“The Greatest Showman” has a positive message about loving yourself that resonates with BYU-Hawaii because of its theme of having diverse people from different backgrounds come together and accept each other.
“Every time I hear the songs, I want to scream at the top of my lungs and freaking dance,” Taylor McElhaney said excitedly with a laugh. Only seeing the film once was enough for her to fall in love with the production. “I listen to the music every day.”
McElhaney said, “I don’t really like musicals, but for some reason this one was very special.” She said it taught her “to not be ashamed of who you are and not be afraid of showing yourself, or your true self. Life is more fun when you’re just happy and you get to be who you are.”
The movie reminded McElhaney of BYUH campus “because we all come from different backgrounds. It's a good experience to expose yourself to different cultures and backgrounds. I guess the diversity of all the people in the film and the way that BYU looks at diversity as a positive.”
Jade Irwin, a freshman from Utah with an undecided major, said, “We all learn from each other and magnify it rather than pushing it away. The things that hold you back, what you think is negative about yourself … sets you apart from everyone else and benefits you.”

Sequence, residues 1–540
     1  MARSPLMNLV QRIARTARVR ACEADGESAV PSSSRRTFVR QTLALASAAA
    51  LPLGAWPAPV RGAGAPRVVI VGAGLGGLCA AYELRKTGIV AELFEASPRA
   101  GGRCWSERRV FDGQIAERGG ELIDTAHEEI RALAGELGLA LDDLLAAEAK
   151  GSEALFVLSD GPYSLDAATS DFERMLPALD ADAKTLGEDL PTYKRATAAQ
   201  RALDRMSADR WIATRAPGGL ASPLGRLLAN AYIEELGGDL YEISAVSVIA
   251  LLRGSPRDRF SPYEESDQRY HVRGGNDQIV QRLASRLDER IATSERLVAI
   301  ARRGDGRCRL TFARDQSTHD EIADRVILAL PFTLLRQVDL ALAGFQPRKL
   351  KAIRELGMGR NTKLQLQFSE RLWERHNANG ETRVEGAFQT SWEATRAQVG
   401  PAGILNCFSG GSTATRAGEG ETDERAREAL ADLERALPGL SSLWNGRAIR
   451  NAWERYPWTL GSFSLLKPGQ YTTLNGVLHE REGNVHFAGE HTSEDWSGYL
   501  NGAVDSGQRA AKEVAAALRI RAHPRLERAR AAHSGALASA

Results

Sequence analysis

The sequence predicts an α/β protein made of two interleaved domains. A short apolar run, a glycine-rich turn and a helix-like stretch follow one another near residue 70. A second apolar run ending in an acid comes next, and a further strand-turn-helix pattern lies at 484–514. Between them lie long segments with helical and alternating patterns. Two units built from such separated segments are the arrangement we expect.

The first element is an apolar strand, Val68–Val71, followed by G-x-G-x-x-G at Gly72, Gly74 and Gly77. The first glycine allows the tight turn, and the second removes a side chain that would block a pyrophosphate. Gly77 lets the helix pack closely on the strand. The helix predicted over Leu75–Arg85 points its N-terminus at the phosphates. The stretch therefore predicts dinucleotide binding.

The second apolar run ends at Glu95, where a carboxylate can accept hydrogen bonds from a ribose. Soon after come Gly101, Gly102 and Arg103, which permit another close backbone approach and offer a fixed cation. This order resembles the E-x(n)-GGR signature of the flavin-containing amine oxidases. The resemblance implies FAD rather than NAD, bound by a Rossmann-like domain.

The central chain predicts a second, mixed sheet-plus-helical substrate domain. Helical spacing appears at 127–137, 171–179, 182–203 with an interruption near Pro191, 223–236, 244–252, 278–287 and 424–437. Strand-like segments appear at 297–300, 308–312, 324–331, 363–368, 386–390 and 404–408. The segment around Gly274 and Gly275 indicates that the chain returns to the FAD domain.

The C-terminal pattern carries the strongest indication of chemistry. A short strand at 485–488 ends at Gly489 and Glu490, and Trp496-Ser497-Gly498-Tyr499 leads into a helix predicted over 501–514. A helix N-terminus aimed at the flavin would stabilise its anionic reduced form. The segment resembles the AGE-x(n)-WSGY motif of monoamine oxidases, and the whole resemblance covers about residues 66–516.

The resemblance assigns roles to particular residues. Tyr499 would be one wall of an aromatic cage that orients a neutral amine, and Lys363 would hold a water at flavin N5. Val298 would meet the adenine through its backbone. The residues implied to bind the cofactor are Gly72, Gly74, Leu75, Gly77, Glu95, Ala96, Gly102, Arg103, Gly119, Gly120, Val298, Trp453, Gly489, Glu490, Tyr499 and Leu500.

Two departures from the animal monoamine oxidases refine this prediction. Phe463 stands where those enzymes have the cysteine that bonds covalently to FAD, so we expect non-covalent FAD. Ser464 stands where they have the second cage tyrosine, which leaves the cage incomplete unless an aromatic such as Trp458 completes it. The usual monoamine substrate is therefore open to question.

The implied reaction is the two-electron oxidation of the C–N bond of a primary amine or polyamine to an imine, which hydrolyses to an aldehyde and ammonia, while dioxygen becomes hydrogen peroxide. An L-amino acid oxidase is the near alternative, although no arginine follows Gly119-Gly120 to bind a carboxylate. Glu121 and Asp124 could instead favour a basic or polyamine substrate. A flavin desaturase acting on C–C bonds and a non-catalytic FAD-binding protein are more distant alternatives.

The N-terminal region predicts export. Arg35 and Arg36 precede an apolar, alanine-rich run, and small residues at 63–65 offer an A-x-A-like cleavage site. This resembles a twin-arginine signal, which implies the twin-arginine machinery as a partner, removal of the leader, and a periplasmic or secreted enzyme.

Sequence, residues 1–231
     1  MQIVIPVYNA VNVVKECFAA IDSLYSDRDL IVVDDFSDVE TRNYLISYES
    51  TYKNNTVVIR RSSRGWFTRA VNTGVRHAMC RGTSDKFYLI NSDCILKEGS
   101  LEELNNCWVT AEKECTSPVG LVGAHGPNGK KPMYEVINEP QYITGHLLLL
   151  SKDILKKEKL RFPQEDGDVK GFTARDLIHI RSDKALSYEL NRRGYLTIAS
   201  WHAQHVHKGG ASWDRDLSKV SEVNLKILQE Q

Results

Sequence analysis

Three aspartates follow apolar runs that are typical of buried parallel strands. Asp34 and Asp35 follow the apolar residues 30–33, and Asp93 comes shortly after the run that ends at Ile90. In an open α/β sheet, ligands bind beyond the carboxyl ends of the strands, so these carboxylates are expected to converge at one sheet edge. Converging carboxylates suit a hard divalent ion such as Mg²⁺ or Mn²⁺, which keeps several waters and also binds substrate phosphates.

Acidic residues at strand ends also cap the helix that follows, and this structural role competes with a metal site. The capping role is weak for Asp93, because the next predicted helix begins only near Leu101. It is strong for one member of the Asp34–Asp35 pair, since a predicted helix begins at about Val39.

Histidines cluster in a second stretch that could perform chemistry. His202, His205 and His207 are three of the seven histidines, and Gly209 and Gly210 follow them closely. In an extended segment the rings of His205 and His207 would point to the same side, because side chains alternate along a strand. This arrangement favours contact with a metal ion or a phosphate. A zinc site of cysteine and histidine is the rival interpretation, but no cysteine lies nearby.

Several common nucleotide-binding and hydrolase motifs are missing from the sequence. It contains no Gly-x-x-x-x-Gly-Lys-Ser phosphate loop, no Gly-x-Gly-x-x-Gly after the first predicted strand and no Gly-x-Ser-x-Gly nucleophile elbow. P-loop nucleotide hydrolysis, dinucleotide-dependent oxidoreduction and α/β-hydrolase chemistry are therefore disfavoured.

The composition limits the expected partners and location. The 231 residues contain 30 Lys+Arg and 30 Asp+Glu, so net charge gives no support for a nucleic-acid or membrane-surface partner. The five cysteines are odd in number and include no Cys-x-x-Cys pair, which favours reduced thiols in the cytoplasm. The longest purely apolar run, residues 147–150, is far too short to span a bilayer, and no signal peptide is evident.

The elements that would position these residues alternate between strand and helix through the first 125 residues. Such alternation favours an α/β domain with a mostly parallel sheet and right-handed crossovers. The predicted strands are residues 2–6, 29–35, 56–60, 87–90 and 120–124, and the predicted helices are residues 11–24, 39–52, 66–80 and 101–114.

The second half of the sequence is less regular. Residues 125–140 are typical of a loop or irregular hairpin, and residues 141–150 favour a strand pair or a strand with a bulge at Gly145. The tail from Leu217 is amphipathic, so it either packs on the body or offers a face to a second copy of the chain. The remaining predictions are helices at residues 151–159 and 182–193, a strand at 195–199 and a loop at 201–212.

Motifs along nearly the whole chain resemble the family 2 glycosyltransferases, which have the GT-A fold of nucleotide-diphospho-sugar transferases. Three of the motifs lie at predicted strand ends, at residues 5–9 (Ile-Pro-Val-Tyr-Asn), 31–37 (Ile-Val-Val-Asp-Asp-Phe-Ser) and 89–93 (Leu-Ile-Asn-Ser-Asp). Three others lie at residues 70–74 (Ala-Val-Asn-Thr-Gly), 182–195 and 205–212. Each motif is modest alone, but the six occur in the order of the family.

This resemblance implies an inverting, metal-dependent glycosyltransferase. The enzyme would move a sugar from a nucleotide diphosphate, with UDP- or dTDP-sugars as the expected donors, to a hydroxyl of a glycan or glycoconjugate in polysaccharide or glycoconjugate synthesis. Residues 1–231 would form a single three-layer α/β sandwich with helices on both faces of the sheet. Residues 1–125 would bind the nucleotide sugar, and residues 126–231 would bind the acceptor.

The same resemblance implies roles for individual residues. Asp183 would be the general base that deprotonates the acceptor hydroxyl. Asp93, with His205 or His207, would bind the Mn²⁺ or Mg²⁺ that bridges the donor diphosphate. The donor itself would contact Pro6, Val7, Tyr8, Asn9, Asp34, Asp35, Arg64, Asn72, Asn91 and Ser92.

Zeryck Russon, a freshman from California majoring in exercise science, learned to be proud of his traits “even if they're not exactly normal.” He said, “It really teaches self-value and I think it's something everyone can learn from. I guess the movie could apply to campus, as you'll find classism anywhere you go really.
“I guess people don't realize that their differences are what makes them special and unique, and it should be seen in a positive light rather than a negative one. The carnival workers in the movie were only special because they were different, no one else would've come watched if it were just a bunch of normal people.”
Russon said, “My favorite part of the show was when all the carnival workers busted into the wealthy party and were proud of who they were. I thought it was pretty cool and really inspirational that they stood up for who they were.”
As for the movie itself, McElhaney said it was good but “the music was way better than the movie.”
However, Irwin didn’t “connect with the movie at all,” despite liking the characters. “I didn’t like the way it flowed. I think there’s a lot more hype than it's worth.
“I thought the plot was all over the place, and I thought that Hugh Jackman's character was also kind of all over the place.
“He had a lot of motives and they didn’t have any meaning so they just took away from the meaning. The opera singer was singing pop music, not even opera.”
Irwin emphasized, “It’s not true to the story. True to his life story.”
Not knowing the film was a musical, Russon said, “I think the movie was popular because the soundtrack was really good, and the theme of the movie is something that everyone could get behind.”
McElhaney concluded, “Everyone should go watch it. It’s good, it’s inspiring, and it’s rocking.”